The impact of personal prayer on spiritual maturity among selected Christian Missionary Alliance pastors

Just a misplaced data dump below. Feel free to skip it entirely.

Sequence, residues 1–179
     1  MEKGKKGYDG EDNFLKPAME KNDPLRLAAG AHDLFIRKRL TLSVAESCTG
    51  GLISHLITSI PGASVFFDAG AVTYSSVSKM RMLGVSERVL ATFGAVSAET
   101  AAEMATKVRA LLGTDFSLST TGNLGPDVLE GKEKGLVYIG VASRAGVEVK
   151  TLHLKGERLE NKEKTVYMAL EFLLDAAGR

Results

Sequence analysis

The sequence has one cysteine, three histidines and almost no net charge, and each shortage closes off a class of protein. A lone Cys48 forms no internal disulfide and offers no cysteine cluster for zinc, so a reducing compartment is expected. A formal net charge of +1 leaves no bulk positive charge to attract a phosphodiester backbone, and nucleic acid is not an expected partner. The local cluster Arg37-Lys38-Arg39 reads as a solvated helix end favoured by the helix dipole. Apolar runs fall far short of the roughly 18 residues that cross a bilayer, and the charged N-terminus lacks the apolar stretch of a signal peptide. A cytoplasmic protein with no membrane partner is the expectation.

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The study seeks to identify relationships between the types, amounts, and frequency of selected types of prayer and the spiritual maturity of pastors. Data was based on a survey of 104 official workers of the Christian and Missionary Alliance, an evangelical denomination. Survey data included basic demographics, quality, quantity, frequency, and impact of personal prayer based on a survey developed by Poloma and Gallup. It also surveyed spiritual maturity as measured by the Spiritual Assessment Index. The study was quantitative descriptive research using questionnaires to examine the self-reports of evangelical pastors concerning their prayer practices and spiritual maturity. Multiple displays show the data on spiritual maturity and quantity, quality, types, and combinations of types of prayer. It found that frequency of daily prayer had little correlation with spiritual maturity, though none of those spending less than thirty minutes in daily personal prayer reported the highest levels of personal impact (a sense of interaction with God leading to insight, deep peace, awareness of God's presence, a definite answer, or direction to act) in their prayer lives while nearly one third of those spending over thirty did. The quality or personal impact of prayer on the life of the individual strongly correlated with both the age and the years of experience of the sample population. Those with longer tenures had more vibrant prayer experiences. The highest correlation in the study was found between those who persevered in ministry and those who encountered God in prayer via the experience of a deep peace, insight, and direction to act. No single type of prayer led to higher levels of either prayer impact or spiritual maturity, but the role of meditative prayer was significant. Spiritual maturity was highest among those whose prayer included meditative prayer as a priority and in conjunction with other types.